I'm sorry to say that I didn't get any great photos of Franklin last night, and it wasn't even the intimidation factor of snapping pictures of a really good photographer. The issue was primarily that without the flash, there was blurry, and with the flash, the lighting looked decidedly odd. (That's my story and I'm sticking to it.)
Now, I grant you, at the Stata Center, it's not at all unlikely that the lighting would be odd. I mean, have you seen this building?
At least, if the lighting wasn't weird, it would be one of the few non-odd things about the surroundings--but in fact I was there, and the lighting was not noticeably weird. The chairs were a little close together for comfortable knitting (elbows, you know), but of course everyone* managed anyway, and the lighting was sufficient, and certainly better than the Yarn Harlot at the Calvin, so I guess MIT wins this round.
*Not literally everyone was knitting, although most were. A woman in the row behind me was quilting. I got to the heel on my second sea sock.
There were a few technical difficulties to delay the start, but of course a group of knitters can pass the time quite well, and there was a lot of project-gawping and love-your-sweatering and can-I-touch-your-yarn going on (that's the knitters handshake, after all). I had brought a scarf, since yesterday was chilly, and since it hasn't been scarf weather in so long, I'd forgotten how the Ruffles scarf is interesting to a knitting crowd. (I wore it to the Knit Out a couple of years ago when I was making it.) It was fun.
My favorite shot is this one, which is blurry, but not so blurry as to be immediately discarded. (After all, this is just a casual blog synopsis, not a professional review.) He was getting things set up, and looked up just as I took the photo.
He probably wasn't looking at me and wondering how he had ended up in a room full of strangers who wanted to take his picture ... but maybe he was.
He had a whole presentation, starting with this cartoon (from the book, of course):
I thought he was a good speaker, and not as nervous as I would have been if I was invited to speak in front of "probably about ten people" and had to face a hundred or so.
He talked about how he got started knitting, and about how the 1,000 Knitters Project came about, and how it's going (in short: well, very well). I particularly enjoyed the story of Debbie New* being actually unable to work on anything as simple as a row of 22 stitches of plain knitting.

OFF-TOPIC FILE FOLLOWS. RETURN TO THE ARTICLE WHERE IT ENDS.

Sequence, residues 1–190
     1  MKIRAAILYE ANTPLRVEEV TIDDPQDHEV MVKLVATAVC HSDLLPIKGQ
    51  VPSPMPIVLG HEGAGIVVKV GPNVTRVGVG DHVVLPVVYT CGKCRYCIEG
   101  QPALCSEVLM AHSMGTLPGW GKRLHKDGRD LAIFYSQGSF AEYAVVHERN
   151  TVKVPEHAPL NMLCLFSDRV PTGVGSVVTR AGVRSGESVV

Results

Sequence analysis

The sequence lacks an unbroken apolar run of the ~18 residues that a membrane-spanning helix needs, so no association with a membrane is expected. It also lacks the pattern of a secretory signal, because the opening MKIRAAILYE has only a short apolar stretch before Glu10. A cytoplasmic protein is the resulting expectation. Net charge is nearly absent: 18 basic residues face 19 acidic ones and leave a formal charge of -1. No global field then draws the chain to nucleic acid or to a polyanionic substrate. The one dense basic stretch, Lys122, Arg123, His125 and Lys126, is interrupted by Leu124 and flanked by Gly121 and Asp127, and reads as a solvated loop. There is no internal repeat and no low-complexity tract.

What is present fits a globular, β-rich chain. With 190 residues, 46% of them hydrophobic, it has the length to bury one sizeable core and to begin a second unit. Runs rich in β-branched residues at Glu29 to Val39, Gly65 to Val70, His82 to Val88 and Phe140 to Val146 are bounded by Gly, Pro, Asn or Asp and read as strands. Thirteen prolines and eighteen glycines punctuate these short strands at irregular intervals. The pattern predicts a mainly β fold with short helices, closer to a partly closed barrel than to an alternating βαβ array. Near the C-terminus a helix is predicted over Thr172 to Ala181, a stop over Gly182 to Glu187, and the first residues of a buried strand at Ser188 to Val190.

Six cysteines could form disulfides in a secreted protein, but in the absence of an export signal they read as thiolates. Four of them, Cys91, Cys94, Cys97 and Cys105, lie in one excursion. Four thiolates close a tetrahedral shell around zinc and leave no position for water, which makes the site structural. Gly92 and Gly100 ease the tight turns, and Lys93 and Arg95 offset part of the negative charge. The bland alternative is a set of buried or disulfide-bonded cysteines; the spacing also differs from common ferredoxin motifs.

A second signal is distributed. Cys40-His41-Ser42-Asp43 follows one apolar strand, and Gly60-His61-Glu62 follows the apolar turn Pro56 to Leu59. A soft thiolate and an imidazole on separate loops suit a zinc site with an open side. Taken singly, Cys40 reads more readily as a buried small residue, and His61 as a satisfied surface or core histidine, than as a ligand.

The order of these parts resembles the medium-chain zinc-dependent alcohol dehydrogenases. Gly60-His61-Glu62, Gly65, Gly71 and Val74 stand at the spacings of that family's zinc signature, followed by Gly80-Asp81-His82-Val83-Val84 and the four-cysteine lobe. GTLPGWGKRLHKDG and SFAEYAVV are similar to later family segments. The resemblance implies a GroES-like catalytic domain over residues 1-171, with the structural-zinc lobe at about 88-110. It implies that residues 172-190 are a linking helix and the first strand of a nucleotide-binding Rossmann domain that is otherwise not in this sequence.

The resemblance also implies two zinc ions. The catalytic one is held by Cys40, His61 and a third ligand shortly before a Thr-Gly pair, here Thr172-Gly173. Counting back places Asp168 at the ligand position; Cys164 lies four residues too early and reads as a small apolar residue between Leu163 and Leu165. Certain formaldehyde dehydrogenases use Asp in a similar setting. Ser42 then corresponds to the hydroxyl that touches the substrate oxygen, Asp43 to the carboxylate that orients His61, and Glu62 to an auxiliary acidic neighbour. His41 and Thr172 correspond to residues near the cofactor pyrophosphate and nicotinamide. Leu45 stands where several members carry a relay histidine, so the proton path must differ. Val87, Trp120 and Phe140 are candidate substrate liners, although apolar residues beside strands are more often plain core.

*Non-knitters note: Debbie New is a knitting celebrity**. She knit a lace coracle (a boat) that actually floats. She knit a kaleidoscope. I think that she could knit anything, literally.
**Franklin noted that muggles (non-knitters) are often baffled by the use of the term "knitting celebrities"***. His impression of a bass fishing fan mocking the idea, and then recognizing "Bubba McSomething" on a fishing show, was hilarious.
***I saw Stitchy McYarnpants, still working on the crochet-edged beer cans for her friend's drag contest costume, and Jess from Ravelry, and a few other people I recognized.
When he talked about the 1,000 Knitters, he brought out the scarf:
... then bowled it down the center aisle.
Rolling it back up, he talked about certain notable parts of the almost-finished object (bobbles, a hole, etcetera; I don't want to spoil the story). And no, he hasn't measured how long it is.
Franklin's sister came down from Maine for the event, and brought the fabulous shawl he made for Abigail, the one that caused the largest amount of drool in keyboards of 2007 (you remember, right? that wasn't just me?). It was amazing to see it in person. What gorgeous work. The man can knit!
My overall favorite thing he said was when he called knitting, "the most beautiful form of procrastination". I need that on a t-shirt, okay? Someone? Thanks.
I'd only seen the Stata from the outside before. It's equally, ah, interesting from the inside.
A skylight showed the rain I could have done without.
The room we were in had such an interesting ceiling. Maybe I hang around too many knitters, but I couldn't help wondering if something unexpected happened during construction, and the person in charge said, "Make it look like a star and call it a design element!"
Through one window and across to ... a greenhouse? Or something?
The question mark at the info desk is a great idea (and directional marker), even if yes, it looks like it was Photoshopped in.
From the other side, though, it makes me say ¿Que?
Next time, perhaps I will try to hang upside down from above, to get it that way. It's good to have goals.
On the way out, we saw this sign:
And looked up:
Lovely, yes? Although perhaps a bit more moth than butterfly. Still, I like it.